overcast, cold, highs 3
Well, we woke up to snow! In London. And I don't mean London, Ontario - and even there it would be surprising! It was forecast but I sure thought it wouldn't happen. Then lying in bed this morning I opened my eyes and through the slit between the blind and the sill I saw it. Huge flakes. Lots of them. And on the slate roof opposite? Snow - staying.
In the front room we could see snow covering the cars and bushes and balancing on the wrought iron fences. At one stage it was a veritable storm. Then sometime around 10 it stopped and by noon it had all melted - but not before neighborhood children went into the garden square, and played in it.
Worked on the book for most of the day. Now feeling much better about it. I know this is a familiar and perhaps necessary part of the creative process. Self-doubt. The struggles. Not a single writer, artist, musician I know doesn't suffer from it now and then. But it sure feels horrible, even knowing 'this too shall pass.'
Well, for now it has passed...yay! Had a lot of fun writing today. This fifth book is a real puzzle for Gamache et al. A classic mystery, with lots of smaller mysteries along the way. Let me throw one in, by way of example. One I had fun with today.
What do those two words say to you? They're a small clue - and if you figure out what they mean I'm not giving anything away since you'll lack the context.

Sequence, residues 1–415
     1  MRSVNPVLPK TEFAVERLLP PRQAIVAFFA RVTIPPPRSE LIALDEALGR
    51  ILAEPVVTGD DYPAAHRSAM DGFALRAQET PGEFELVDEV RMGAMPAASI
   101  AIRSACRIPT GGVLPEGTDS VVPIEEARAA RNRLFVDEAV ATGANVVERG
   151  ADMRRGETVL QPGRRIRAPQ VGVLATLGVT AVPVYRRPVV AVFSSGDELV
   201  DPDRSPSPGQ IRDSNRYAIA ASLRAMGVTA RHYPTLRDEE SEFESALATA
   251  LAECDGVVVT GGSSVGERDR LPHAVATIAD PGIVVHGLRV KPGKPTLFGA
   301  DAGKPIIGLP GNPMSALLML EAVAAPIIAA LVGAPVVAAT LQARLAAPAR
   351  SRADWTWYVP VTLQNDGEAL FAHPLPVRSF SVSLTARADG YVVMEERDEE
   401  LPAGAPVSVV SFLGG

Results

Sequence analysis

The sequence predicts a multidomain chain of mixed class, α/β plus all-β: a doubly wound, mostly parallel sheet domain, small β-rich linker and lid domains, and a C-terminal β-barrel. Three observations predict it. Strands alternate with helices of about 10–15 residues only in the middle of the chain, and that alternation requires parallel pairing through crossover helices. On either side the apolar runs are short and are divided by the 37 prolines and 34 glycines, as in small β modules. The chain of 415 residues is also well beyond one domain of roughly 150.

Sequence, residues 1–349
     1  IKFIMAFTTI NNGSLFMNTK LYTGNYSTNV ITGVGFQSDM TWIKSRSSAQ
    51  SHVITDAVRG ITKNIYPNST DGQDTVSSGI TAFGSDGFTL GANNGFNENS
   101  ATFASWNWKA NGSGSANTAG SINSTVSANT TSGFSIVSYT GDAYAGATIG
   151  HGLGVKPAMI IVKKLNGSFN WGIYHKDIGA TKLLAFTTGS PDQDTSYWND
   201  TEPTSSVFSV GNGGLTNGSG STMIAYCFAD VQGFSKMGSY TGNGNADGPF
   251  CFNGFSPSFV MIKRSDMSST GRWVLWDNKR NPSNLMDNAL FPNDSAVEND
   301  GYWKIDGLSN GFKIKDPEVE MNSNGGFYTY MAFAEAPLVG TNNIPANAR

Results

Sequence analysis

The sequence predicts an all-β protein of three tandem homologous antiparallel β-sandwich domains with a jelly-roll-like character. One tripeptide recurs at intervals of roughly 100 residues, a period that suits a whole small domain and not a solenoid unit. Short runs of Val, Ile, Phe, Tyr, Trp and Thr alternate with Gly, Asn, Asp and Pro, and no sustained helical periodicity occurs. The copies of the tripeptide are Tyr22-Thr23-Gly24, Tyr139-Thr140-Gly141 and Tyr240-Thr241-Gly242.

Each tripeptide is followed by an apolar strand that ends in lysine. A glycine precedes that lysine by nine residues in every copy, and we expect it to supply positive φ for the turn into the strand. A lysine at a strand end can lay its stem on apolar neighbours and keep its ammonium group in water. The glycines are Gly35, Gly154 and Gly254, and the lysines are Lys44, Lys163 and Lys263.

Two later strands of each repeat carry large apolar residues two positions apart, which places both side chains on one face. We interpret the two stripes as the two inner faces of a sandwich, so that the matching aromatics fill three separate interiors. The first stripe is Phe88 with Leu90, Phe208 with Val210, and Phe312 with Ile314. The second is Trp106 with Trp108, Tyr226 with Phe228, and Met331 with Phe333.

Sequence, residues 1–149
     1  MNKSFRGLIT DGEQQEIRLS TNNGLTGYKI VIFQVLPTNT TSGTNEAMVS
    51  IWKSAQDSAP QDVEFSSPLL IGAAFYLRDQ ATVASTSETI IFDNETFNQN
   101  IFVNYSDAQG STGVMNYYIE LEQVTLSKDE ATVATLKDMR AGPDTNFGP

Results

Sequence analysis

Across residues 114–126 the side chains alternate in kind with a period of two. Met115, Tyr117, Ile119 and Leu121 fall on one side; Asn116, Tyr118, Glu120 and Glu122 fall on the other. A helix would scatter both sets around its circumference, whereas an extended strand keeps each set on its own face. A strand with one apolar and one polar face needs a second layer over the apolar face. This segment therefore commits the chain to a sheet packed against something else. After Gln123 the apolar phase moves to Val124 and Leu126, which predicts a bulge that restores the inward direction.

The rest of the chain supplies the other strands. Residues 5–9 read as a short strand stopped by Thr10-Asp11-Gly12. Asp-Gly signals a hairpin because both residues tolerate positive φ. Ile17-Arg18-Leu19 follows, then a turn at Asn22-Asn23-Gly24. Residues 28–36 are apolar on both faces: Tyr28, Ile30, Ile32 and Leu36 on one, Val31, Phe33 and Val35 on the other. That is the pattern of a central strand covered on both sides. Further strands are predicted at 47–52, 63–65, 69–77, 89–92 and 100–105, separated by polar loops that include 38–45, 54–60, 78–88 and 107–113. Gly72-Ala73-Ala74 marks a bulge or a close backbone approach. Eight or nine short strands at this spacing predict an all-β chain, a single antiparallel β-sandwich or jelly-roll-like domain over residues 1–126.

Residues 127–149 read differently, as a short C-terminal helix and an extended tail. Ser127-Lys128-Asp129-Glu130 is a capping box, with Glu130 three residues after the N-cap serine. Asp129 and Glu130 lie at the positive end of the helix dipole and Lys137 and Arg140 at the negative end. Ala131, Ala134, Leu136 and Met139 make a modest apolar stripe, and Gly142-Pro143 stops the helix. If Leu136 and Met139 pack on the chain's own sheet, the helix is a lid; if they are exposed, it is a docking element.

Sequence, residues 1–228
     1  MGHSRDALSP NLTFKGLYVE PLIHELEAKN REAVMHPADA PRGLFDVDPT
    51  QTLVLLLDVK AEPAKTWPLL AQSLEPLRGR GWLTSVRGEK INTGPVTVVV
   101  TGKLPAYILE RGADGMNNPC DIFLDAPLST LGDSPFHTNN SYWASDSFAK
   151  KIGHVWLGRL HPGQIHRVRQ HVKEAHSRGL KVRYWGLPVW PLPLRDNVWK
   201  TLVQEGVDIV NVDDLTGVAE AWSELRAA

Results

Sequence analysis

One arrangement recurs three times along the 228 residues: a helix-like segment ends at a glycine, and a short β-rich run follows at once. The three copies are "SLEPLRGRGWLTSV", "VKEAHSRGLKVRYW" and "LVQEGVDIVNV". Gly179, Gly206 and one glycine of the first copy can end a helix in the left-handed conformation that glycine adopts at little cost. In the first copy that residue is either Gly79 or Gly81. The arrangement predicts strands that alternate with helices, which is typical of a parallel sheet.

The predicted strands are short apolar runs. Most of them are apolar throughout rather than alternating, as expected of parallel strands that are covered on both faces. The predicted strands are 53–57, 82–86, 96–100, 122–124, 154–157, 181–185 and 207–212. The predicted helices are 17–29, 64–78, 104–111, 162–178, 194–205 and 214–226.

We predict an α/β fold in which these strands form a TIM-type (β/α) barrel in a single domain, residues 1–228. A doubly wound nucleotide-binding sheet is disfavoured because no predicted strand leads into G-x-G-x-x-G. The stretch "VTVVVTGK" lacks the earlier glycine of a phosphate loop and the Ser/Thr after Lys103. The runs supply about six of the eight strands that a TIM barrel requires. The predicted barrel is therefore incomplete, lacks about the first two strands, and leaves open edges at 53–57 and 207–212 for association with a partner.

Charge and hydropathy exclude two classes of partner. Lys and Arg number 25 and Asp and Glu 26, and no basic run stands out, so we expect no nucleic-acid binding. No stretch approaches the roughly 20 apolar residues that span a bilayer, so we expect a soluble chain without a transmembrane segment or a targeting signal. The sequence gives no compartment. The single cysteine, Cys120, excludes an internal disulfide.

Such fun, writing. Especially when it's going well. In fact, I'm thinking of calling the book 'Some Pig'. (I put this in just to see if any of my editors read this blog) What do you think? Some Pig by Louise Penny. Or better still - Louise Penny, Some Pig.
Speaking of which at 2:30 this afternoon Michael came into the dining room, where I'd established my writing beach head, and announced it was tea time and he was taking me to Patisserie Valerie. As most of you probably know this sort of decadence revolts me, but I felt I needed to support my husband, so I went.
I'd actually spent the entire day in my flannel pajamas and wondered fleetingly (and longingly) whether I really had to change? Would the people at Patisserie Valerie notice I was still in my pajamas?
Perhaps not, but Michael would. And while he's a man of immense tolerance, this might just test its limits.
So I changed, and off we went. He had a tea and a HUGE wedge of a strawberry cream cake and I had a cappuccino. No cake at all. Perhaps because yesterday I ate the entire flat, including, I think, a sofa. We're in talks with the Japanese to turn Saturday into a movie. Called, perhaps, Some Pig Ate Tokyo.
Back home now. I insisted we come back so I could watch the Grand National steeplechase. Been looking forward to it all day. Though we needn't have rushed...we actually had 364 days to wait. The race was yesterday.
Once again Michael's tolerance put to the test. He got over that jump very easily though, his good humour fueled by cake.
We're off for dinner to a restaurant called Racine with Alan Craft and his wife. We haven't met either before and I'm embarrassed to say we don't know his wife's name. But they probably don't know mine either. At least we know the name of the restaurant.
Then lunch tomorrow with Teresa Chris, my agent. Always a riot.
Will report in after that. Be well.